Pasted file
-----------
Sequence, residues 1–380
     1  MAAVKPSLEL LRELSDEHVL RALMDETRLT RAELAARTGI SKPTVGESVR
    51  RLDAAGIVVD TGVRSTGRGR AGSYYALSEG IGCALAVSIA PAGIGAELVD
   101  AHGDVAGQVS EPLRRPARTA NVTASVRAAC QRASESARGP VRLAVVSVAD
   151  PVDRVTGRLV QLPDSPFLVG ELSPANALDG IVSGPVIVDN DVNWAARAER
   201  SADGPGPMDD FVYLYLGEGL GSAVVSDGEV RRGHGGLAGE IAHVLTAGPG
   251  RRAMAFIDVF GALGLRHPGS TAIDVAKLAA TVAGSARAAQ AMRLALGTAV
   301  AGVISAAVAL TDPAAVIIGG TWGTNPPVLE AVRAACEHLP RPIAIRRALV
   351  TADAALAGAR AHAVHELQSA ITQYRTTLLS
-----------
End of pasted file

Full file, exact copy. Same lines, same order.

Sequence, residues 1–380
     1  MAAVKPSLEL LRELSDEHVL RALMDETRLT RAELAARTGI SKPTVGESVR
    51  RLDAAGIVVD TGVRSTGRGR AGSYYALSEG IGCALAVSIA PAGIGAELVD
   101  AHGDVAGQVS EPLRRPARTA NVTASVRAAC QRASESARGP VRLAVVSVAD
   151  PVDRVTGRLV QLPDSPFLVG ELSPANALDG IVSGPVIVDN DVNWAARAER
   201  SADGPGPMDD FVYLYLGEGL GSAVVSDGEV RRGHGGLAGE IAHVLTAGPG
   251  RRAMAFIDVF GALGLRHPGS TAIDVAKLAA TVAGSARAAQ AMRLALGTAV
   301  AGVISAAVAL TDPAAVIIGG TWGTNPPVLE AVRAACEHLP RPIAIRRALV
   351  TADAALAGAR AHAVHELQSA ITQYRTTLLS